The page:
After a difficult few month of forced closures or drastically restricted trading, Northern Beaches restaurants, pubs, hairdressers, gyms and other businesses are now open to fully vaccinated people.

Some restrictions remain, with patron density limits and mandatory face masks for staff and customers in all indoor settings. In outdoor settings masks are only required to be worn by staff.

Patron QR code check-ins and proof of vaccination is required, however the Service NSW “vaccine passport” app designed to help businesses manage this is not yet operational, meaning Medicare vaccine certificates will need to be used for checking vaccination status.

Further loosening of restrictions for the vaccinated is expected when 80 per cent of over 16-year-old NSW residents are vaccinated, while from 1 December the unvaccinated will see more freedoms and office-based businesses will no longer be required to let staff work from home.

Regardless, some rules will remain, such as mask-wearing and a maximum density of one person per two square metres. Rules that have seen other countries like Italy successful exit lockdowns without case numbers surging again.

Very strong Christmas spending forecasted

The good news is that the leadup to Christmas and the holiday period I, on the basis that vaccine rates increase to allow more shopper mobility, shows every indication that we will see a much stronger year for retailers. Extended lockdowns, travel restrictions and low interest rates have created a perfect storm of cashed up and excited consumers ready to spend, according to CEO of the Retail Doctor Group, and Manly resident, Brian Walker.

To help businesses capitalise on the predicted surge of consumer spending, Brian offered the following nine strategies.

Stock up: With the expected influx of spending, ensuring you have enough stock on hand, or available through robust supply chains (which are already strained due to COVID) will help capitalise on strong demand, according to Brian.

“Be prepared to invest in the right products for your customers. If you are strong in a certain category and have proven history there, all conditions are there for a very robust Christmas and New Year sales period,” he said.

Invest in your staff: Along with stock shortages, staffing shortages will likely be the greatest challenge for retailers over Christmas, according to Brian. Existing staff will also be under more pressure, so he encourages businesses to invest in training and support mechanisms and to beware of employee  fatigue.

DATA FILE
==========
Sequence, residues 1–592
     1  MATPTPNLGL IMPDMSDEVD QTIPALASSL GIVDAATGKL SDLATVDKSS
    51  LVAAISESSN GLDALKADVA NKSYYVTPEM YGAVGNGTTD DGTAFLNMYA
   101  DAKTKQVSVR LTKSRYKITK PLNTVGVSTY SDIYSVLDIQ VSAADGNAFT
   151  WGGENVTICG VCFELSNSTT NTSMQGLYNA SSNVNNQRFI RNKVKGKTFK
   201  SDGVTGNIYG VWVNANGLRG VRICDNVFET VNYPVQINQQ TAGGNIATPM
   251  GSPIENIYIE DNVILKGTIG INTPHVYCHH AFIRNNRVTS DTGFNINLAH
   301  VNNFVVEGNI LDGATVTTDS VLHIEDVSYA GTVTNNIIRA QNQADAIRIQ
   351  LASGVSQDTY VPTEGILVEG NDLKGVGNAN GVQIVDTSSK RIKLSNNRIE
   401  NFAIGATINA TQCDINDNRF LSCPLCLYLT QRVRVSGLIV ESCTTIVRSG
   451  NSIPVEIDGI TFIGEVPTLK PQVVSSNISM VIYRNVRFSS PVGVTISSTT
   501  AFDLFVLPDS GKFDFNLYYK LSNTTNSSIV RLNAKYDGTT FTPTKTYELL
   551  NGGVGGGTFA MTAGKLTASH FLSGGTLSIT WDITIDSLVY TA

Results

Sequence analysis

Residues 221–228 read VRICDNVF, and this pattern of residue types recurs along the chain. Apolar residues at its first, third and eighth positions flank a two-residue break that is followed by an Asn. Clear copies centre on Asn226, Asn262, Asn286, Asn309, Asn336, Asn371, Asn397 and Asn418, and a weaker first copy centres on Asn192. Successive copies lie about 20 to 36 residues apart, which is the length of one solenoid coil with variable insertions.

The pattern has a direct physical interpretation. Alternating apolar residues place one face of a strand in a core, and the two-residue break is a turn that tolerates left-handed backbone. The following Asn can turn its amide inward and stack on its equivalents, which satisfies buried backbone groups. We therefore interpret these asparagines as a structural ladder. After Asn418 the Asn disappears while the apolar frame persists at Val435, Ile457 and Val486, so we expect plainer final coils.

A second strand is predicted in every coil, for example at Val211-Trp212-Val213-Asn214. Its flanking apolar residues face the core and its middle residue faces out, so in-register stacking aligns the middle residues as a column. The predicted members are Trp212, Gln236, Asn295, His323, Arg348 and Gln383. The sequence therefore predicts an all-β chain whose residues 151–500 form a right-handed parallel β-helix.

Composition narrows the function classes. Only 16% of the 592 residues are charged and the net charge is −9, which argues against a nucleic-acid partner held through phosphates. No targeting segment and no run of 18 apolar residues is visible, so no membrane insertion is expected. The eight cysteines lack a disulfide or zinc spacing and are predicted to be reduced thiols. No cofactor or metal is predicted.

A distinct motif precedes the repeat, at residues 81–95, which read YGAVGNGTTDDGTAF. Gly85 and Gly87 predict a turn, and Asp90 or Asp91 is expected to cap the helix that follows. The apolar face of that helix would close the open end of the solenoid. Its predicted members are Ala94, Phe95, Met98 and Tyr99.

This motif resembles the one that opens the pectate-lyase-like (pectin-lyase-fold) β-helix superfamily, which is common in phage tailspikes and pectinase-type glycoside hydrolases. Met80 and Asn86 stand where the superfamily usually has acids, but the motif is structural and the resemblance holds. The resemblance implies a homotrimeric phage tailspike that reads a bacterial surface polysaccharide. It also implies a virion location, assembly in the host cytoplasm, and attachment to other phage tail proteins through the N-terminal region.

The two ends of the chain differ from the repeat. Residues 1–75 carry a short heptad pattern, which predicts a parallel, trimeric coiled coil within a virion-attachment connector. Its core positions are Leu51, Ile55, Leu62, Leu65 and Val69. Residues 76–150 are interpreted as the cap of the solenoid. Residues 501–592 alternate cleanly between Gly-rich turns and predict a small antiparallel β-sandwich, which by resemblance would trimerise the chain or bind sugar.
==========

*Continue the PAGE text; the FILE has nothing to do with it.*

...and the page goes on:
Support local residents (and businesses): With residents restricted from leaving their LGA, COVID saw a rise in community and a return of the local high street.

“Our Retail Doctor Group studies have shown consumer relationships with their local community and retailer of choice is now stronger than ever,” Brian said, adding that retailers should employ sales and marketing strategies to continue strengthening that local relationships.

Prepare for an influx of local tourists: People can now leave their local LGAs, but cannot travel interstate of overseas, meaning destination regions like Manly and the Northern Beaches will see an influx of visitors, Brian said.

“It has all the classic elements of being extremely busy, so retailers should also develop sales and marketing strategies that are tailored to those expected visitors.”

Consider a facelift: People are fatigued after months of lockdowns and so are going to look for something fresh and interesting, according to Brian.

“Dress up the window, give your shop a coat of paint, freshen up your menu or drinks list. Give people something new and exciting,” he said.

Don’t neglect online: While lockdowns may be ending, it does not mean the end of online, which has grown to  an average of 15 per cent of total spend from an average of  9 per cent pre-COVID, Brian said.

Ensure your website, online ordering, home delivery and other digital business tools are not neglected as people return to premises.

Be proudly COVID-safe: Customers are expected to shy away from businesses that are not clearly COVID compliant, so ensure your processes for managing check ins, masks, social distancing, hand sanitiser and other strategies are polished, and don’t be afraid to promote it.

Marketing: Marketing strategies that welcome customers back with announcements around the strategies outlined in this article, and promote your COVID-safe compliance, will serve you well.

Brian also encourages all businesses to have their own CRM database, to manage email, social media and other communication tools to customers.  Focus on lifetime customer value as distinct from that one transaction

Consider your insurance: Businesses have a duty of care to provide a safe environment for their customers and their staff, which extends to COVID protection measures. Insurances like Workers Compensation and Public Liability Insurance are designed to offer some protection, however they have been largely untested with COVID claims, so it is prudent to check with your insurer or broker

What is the future of retail?

Asked about his vision for 2022 and beyond, Brian said that he expects consumers to continue returning to good retail businesses, but for online and omni-channel to also remain a strong part of the buyer journey.

“Physical retail is a very important part of consumers lifestyles. Retail is a human experience. People want to see, touch, smell, look at and talk to people and products. They also enjoy the habitual behaviour that shopping brings. It is part of our DNA and the social fabric of our communities.”

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